A group of researchers at Harvard Medical School are trying to get under the subject of super-runners. No, we don’t mean artificially created runners, but those runners who run so naturally that they are never in the danger of getting injured.
The Harvard Gazette reports about the study out of Harvard Medical School and the National Running Center in Spaulding Rehabilitation Hospital. Here, led by Irene Davis, Professor of Physical Medicine and Rehabilitation, the group found that runners who had never been injured “landed each footfall more softly than a group who had been injured badly enough to seek medical attention.”
The study gathered 249 active female runners who have a weekly mileage of almost 20 miles a week and are heel strikers. The test subjects responded to a monthly online questionnaire that explored their injury history. Researchers then examined reports from the 144 who experienced a mild injury during this two-year period, and the 105 who didn’t, but did not find any great startling facts.
So they looked at the subset data i.e those who had sought medical attention for their injuries, and those who not only went uninjured but who have never seemingly been injured. Now, they started to see a pattern in a variable called “vertical average loading rate,” – highest in the seriously injured runners in the study and lowest in the uninjured group.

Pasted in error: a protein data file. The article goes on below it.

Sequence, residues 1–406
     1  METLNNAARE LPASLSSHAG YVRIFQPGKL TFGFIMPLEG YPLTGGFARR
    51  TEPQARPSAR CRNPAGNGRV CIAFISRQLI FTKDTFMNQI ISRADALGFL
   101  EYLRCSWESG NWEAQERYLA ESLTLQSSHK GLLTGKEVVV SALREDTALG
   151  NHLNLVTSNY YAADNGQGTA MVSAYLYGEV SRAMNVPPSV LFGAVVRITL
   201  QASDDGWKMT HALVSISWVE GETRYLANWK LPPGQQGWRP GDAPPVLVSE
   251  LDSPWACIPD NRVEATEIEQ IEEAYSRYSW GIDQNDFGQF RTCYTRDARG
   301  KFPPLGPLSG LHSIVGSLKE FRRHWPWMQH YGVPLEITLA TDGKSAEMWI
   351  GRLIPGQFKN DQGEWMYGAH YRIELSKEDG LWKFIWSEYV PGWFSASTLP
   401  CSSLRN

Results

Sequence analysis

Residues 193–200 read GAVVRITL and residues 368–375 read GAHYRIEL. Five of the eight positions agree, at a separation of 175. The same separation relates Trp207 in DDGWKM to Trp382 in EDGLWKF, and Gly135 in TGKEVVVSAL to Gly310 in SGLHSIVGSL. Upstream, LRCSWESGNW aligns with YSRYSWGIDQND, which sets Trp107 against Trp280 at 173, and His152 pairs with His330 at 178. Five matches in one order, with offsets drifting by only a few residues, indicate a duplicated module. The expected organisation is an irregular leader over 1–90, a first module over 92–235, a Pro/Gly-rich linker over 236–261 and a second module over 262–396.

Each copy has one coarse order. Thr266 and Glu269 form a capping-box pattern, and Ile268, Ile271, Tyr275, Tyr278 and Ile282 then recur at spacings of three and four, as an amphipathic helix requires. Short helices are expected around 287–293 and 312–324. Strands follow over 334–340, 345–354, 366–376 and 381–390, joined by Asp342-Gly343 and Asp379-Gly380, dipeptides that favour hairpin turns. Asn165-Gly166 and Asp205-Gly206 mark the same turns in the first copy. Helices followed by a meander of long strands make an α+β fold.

Vertical average loading rate measured the suddenness of impact among the runners, and here the softer landers were better off. Loading rate is the speed at which you apply forces to the body so a lower rate will minimize tissue stress to the runner.
During a typical running stride, the foot is in contact with the ground for just about a quarter of a second; the fraction that made the difference between the two groups was only 50 milliseconds. Even so, when repeated thousands of times, that small difference can take a toll, Davis said.
The key takeaway from the study is that a softer footfall may be less assertive but is definitely the key to reducing the likelihood of injury, especially among heel runners.
Soft-landing steps tend to be very quiet. Runners should take out the earbuds and pay attention to the sound of their footsteps.“If you land louder, it’s harder,” Davis said. “It’s work, but you can make your foot-strikes softer.”
Davis’ research focused on heel-strikers exclusively, since the group determined that’s what a majority of runners these days are. The added shock, multiplied over thousands of footsteps, could explain high injury rates. For these heel runners, practicing a softer landing could be the key to staying injury-free.